President-elect Joe Biden is nominating New York emergency department commissioner Deanne Criswell to serve as the Federal Emergency Management Agency administrator and has tapped former CIA deputy director David Cohen to return to the agency in the same role he served during the Obama administration.
The picks, along with a trio of other new nominations confirmed to The Associated Press by the Biden team, come as the president-elect is putting a premium on experience, and perhaps familiarity, as he looks to fill out top positions at federal agencies with less than a week to go before his inauguration.
Biden also is tapping former Food and Drug Administration Commissioner David Kessler to help lead the COVID-19 vaccine drive. Kessler has been advising Biden as a co-chair of his advisory board on the coronavirus pandemic.
The pick of Kessler comes after Biden on Thursday called the Trump administration’s rollout of coronavirus vaccines a “dismal failure” and says he will unveil his own plans on Friday to speed up inoculations.
The Biden Administration
President Joseph Robinette Biden Jr. and his administration
Criswell, who also spent more than five years in top posts at FEMA during the Obama administration, is the first woman nominated to head the agency, whose primary responsibility is to coordinate responses to major disasters inside the United States that require federal attention. Nancy Ward served as the agency's acting administrator in the early months of the Obama administration before his pick, Craig Fugate, could be confirmed.
Cohen, who was deputy CIA director from 2015 to 2017, has traveled the world for years tracking money flowing to terror groups, such as the Islamic State group, and other bad actors on the international stage. His work directing the Treasury Department’s intelligence unit earlier in his career earned him the nicknames of “financial batman” and “sanctions guru.”
In 2019, Cohen, who has been leading the financial and business integrity group at the law firm WilmerHale, made a cameo appearance on the HBO series “Game of Thrones.”
Nominees are required to disclose details of their finances and complete ethics agreements as part of the confirmation process. Once confirmed, federal ethics laws can require the officials to recuse themselves from working on issues that could impact their previous business interests.
Biden throughout the 2020 campaign lashed at President Donald Trump, saying he eroded public trust in government. Biden pledged his team will abide by “the highest ethical standards.”
Cohen is not a registered lobbyist, but his firm does millions of dollars in lobbying work each year on behalf of clients that include the Beer Institute, Sinclair Broadcast Group, Walgreens and American Financial Group.
The president-elect is also nominating Shalanda Young, the top staff aide for the House Appropriations Committee, to serve as deputy director at the Office of Management and Budget and Jason Miller, who was deputy director of the White House National Economic Council in Obama's administration, to serve as deputy director for management at the agency.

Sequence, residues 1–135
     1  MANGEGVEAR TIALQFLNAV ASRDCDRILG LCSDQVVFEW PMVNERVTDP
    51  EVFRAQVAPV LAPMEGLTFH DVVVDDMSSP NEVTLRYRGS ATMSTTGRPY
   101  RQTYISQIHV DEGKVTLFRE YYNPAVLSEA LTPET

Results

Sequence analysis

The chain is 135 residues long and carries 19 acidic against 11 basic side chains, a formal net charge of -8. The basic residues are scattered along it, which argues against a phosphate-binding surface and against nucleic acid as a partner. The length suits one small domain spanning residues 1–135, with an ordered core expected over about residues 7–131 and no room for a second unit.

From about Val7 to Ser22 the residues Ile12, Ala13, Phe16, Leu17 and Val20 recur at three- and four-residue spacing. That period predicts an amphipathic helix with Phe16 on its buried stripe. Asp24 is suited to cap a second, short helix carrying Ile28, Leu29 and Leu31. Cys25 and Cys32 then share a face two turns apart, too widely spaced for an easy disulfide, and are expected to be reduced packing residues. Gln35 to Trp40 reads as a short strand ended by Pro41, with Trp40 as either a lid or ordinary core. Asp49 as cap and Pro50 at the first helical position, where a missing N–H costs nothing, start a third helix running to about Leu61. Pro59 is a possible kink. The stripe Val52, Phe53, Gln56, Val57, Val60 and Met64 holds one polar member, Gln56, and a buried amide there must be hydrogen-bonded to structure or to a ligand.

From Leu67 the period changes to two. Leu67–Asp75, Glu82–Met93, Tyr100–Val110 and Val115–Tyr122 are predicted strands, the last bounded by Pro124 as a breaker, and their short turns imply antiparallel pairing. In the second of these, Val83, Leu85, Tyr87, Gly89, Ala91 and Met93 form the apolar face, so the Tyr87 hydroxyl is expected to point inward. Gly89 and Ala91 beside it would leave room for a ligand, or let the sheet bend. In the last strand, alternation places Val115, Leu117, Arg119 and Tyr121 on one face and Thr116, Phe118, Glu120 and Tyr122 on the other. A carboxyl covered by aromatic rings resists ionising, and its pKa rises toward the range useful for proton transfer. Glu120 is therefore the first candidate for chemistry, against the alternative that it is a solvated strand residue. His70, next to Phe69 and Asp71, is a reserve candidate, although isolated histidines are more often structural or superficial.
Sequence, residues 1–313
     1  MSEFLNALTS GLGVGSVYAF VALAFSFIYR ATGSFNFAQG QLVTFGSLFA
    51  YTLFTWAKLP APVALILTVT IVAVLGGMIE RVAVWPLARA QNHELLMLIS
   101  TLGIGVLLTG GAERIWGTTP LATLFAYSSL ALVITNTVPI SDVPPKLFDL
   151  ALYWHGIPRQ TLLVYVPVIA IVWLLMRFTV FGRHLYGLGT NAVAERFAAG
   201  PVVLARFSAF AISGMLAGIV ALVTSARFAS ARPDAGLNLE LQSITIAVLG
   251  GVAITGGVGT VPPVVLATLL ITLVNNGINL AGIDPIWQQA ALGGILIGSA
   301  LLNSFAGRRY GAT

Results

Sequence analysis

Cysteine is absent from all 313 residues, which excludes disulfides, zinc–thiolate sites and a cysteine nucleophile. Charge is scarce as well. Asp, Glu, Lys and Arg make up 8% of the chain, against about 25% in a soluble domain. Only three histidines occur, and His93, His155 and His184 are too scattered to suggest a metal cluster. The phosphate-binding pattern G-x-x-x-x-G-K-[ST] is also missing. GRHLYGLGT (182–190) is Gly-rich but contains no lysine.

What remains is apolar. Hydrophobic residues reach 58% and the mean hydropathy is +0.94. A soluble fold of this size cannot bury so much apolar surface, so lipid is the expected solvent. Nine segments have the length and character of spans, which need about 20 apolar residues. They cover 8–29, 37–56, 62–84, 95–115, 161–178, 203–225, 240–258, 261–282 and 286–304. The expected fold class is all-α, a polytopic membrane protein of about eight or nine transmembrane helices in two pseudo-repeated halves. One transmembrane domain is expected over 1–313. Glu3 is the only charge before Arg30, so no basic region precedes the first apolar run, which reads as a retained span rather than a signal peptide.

Young brings a wealth of Capitol Hill experience in budget policy — and politics — to the budget office, along with close relationships with powerful House Democrats like Speaker Nancy Pelosi. Miller was steeped in manufacturing policy in the Obama administration, including an update of automobile fuel efficiency standards.
Biden is tapping Janet McCabe, an environmental law and policy expert who spent more than seven years as a top official at the Environmental Protection Agency during the Obama administration to return to the agency as deputy administrator.
“Each of them brings a deep respect for the civil servants who keep our republic running, as well as a keen understanding of how the government can and should work for all Americans,” Biden said of his picks in a statement. “I am confident that they will hit the ground running on day one with determination and bold thinking to make a meaningful difference in people’s lives.”
Criswell has served as New York City’s emergency management commissioner since June 2019. In her earlier work at FEMA, Criswell served as the leader of one of the agency’s National Incident Management Assistance Teams and as a federal coordinating officer. In New York, part of her duties included leading the coordination of the city’s emergency response to the COVID-19 pandemic.
Between her stints at FEMA and in New York, Criswell was a principal at Cadmus Group, a firm that provides homeland security management consulting and training services for federal, state and local government agencies and private sector companies. The company made about $68 million between the time she joined the firm in 2017 and when she left in June 2019, according to a tabulation of contract spending data from the site USASpending.gov.
She also served as the head of the Office of Emergency Management for the city of Aurora, Colorado. Criswell also served in the Colorado Air National Guard, including 21 years as a firefighter and deputy fire chief with deployments to Qatar, Afghanistan and Iraq.
Associated Press writers Deb Riechmann and Andrew Taylor contributed to this report.